The lazy days of summer are a great time to read a book about summer adventures.

“Mosquitos are Ruining My Summer!” Alan Katz, Illustrated by David Catrow, Margaret K. McElderry Books, 2011, ages 6 and up.

The details of summer camp, mosquitoes, bunkbeads, care packages, are described through humorous poetry set to familiar song tunes. Song paradies, such as “Whose Idea Was This Dumb Hike?” (set to “Twinkle, Twinkle Little Star) and “At the Campfire” (set to “Rock-a-Bye Baby”) will guarantee giggles. The author and illustrator team of Katz and Catrow add this book to their collection of hilarious poetry books including “Take Me Out of the Bathtub” and “Smelly Locker”. Their funny poems set to tunes linger in the minds of readers long after the book cover is closed.

“Nerd Camp” by Elissa Brent Weissman, Antheneum, 2011, 261 pages, ages 8-12.

During his first day of Summer Center for Gifted Enrichment, or sleepaway camp, Gabe asks himself the question, “Am I a nerd who only has nerdy adventures?” Gabe had never thought of himself as a nerd, that is, until he met his soon-to-be stepbrother, Zach. When Gabe considers the activities at camp, poetry writing class, logical reasoning, and homework, through Zach’s super-cool eyes, he begins to wonder about his own geekiness. Camp and new friends provide an opportunity for Gabe to discover the type of person he really wants to be.

“Seaglass Summer” by Anjali Banerjee, Wendy Lamb Books, 2010, 163 pages, ages 8-12.

Poppy Ray’s dream is to be a veterinarian. When her parents return to India over the summer to visit family, Poppy is sent to stay with Uncle Sanjay, a veterinarian for a small island community of the coast of Washington. Early in her adventure, Poppy’s hopes are dashed after her new veterinarian kit is mostly ruined and she discovers that caring for animals also means cleaning up after animals. Over time, Poppy comes to learn of the joys and hard work involved in being a veterinarian. The author, an animal lover herself, wrote her first story about an abandoned puppy at the age of seven.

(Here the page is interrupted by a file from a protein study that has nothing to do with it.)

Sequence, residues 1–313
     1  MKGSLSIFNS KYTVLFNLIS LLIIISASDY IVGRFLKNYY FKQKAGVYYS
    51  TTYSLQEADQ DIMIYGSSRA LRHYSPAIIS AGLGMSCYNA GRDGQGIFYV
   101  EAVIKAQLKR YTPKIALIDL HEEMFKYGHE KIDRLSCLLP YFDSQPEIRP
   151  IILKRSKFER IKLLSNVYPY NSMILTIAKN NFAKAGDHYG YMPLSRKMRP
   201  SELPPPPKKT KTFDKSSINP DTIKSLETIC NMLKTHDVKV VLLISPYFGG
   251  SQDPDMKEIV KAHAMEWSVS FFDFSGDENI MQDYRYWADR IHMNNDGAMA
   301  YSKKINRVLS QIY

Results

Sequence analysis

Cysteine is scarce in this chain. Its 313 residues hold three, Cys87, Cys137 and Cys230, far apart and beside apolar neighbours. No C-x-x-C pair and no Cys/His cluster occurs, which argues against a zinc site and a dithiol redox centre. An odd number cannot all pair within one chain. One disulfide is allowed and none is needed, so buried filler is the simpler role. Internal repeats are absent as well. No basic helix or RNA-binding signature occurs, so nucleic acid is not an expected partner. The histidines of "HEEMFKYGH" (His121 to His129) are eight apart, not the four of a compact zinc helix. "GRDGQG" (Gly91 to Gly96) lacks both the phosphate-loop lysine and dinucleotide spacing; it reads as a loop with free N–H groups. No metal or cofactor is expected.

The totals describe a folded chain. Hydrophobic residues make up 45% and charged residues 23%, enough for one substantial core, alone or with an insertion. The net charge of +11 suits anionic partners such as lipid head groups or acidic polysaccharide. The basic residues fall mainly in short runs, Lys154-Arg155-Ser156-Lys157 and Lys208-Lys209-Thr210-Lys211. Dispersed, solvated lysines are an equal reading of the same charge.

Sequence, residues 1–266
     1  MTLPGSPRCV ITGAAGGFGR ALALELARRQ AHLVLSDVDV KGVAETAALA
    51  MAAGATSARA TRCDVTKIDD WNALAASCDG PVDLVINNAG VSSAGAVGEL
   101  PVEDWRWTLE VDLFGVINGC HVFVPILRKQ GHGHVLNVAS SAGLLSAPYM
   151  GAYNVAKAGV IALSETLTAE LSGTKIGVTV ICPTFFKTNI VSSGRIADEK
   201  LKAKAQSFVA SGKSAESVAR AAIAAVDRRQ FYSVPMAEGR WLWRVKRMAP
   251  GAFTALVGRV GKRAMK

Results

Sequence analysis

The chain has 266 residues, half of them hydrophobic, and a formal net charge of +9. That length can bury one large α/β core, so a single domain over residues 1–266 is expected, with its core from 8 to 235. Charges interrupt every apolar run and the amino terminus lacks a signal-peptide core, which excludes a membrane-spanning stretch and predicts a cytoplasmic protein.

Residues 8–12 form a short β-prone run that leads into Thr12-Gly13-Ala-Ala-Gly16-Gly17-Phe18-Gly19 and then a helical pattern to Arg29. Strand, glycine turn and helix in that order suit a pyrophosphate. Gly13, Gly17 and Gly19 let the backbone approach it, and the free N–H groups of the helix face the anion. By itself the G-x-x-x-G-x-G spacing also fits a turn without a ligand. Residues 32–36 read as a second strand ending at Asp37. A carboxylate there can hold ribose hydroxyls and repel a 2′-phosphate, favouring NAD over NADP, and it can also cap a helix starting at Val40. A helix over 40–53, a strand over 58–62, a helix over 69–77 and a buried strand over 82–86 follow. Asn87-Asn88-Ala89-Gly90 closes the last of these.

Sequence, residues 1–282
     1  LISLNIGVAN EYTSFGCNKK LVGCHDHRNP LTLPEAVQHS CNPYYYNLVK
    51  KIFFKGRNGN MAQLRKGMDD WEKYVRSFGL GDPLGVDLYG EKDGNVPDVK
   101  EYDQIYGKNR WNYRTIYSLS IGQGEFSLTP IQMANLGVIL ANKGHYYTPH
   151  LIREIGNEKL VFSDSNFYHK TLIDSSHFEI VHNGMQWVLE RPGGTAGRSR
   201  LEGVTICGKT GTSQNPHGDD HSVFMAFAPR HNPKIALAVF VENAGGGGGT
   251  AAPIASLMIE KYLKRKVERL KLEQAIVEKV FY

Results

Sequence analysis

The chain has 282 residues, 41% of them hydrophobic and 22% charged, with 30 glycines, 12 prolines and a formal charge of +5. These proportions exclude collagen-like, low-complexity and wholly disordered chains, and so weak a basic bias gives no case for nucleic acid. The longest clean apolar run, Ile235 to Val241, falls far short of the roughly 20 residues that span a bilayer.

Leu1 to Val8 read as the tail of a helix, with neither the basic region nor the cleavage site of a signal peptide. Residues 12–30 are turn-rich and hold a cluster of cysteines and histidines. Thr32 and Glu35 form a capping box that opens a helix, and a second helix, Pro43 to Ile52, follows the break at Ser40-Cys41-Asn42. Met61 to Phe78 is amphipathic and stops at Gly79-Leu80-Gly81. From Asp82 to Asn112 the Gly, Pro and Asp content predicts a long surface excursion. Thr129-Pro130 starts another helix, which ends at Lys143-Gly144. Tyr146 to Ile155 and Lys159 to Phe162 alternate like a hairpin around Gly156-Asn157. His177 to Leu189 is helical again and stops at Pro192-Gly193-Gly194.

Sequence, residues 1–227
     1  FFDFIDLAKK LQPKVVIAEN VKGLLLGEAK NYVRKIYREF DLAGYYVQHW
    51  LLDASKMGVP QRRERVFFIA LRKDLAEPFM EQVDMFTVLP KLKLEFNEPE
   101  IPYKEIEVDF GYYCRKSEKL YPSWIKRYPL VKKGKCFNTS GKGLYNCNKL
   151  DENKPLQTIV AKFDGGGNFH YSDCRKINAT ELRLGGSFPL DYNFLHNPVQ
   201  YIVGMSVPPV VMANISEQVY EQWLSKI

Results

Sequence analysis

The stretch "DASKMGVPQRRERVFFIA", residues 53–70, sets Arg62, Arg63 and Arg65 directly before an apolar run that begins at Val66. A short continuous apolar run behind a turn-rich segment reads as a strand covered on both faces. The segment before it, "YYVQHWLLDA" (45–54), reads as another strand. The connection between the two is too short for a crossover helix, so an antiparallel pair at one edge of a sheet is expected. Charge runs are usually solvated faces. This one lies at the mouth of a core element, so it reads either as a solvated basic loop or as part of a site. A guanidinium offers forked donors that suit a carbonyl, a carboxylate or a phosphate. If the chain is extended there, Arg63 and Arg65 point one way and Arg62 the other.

“William’s Midsummer Dreams” by Zilpha Keatley Snyder, Atheneum, 2011, 209 pages, ages 8-12.

William heads off to summer drama camp to audition for a part in Shakespeare’s “A Midsummer Night’s Dream”. William’s energy, acting talent and acrobats land him the part, but he is not prepared for a drama camp rival or an adoring admirer. Problems from William’s past also follow him to camp, adding more than one type of drama to this story. The author is a three-time Newbery Honor winner for the books “The Egypt Game”, “Headless Cupid”, and “The Witches of Worm”.

A good book, a glass of lemonade, and the cool shade of a tree are three of the best ingredients for a great summer of reading.

Reviewed by Elizabeth Dobler